Chrysler seems to have had some sort of corporate fixation with the colours white and teal in the 1990s. In 1992 the most expensive Caravan that they offered (and possibly the most expensive non-truck vehicle sold by Chrysler in Canada that year) was the Grand Caravan ES which was also only available only in white or teal.

          Bought one of those new as well. White with the boudoir red interior. Was a quiet and soft ride for the kids but the tranny died twice in under 60,000 kms, the ABS system was twitchy and the interior plastic in the back systematically cracked during the first year.

          • 0 avatar
            cgjeep

            The Sporl edition had thicker antiroll bars or a rear antiroll bar where others had none. That was the special handling

  • avatar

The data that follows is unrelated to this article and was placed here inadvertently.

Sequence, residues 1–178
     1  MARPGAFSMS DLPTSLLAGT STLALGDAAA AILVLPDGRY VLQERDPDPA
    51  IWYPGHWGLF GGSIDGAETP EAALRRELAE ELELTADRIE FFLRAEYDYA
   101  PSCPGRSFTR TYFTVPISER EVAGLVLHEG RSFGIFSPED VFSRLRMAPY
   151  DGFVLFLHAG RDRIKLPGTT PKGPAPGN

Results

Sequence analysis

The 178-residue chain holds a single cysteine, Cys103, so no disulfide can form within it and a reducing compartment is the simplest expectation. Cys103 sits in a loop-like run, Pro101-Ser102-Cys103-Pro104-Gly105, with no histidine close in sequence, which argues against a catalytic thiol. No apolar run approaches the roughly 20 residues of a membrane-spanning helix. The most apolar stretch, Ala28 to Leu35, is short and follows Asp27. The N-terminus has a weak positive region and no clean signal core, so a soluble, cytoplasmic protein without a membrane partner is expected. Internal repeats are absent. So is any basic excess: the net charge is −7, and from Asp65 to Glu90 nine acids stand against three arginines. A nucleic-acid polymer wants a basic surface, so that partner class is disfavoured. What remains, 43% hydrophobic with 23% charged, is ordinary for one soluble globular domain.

dal20402

    Any “Anniversary Edition.”

    On Honda Accords, it’s just a way to create an intermediate trim level without giving in to the rest of the world and allowing standalone options.

    On Corvettes, it’s a way to separate gullible old guys armed with diapers from their money. No, your “Anniversary Edition” Corvette with the standard engine, transmission, and suspension isn’t going to be a super-special collectible that will be worth millions.

  • avatar
    Ermel

    Opel Corsa “Steffi Special”, named after tennis icon Steffi Graf. White, electric folding sunroof, maybe some tennis-themed decals. Inoffensive enough car — but the name … *shudder*

    The ones shown above may be bizarre, but that’s not my definition of “lame.” Courage is a good thing in my opinion, even if the result ends up being more or less off.

    • 0 avatar
      never_follow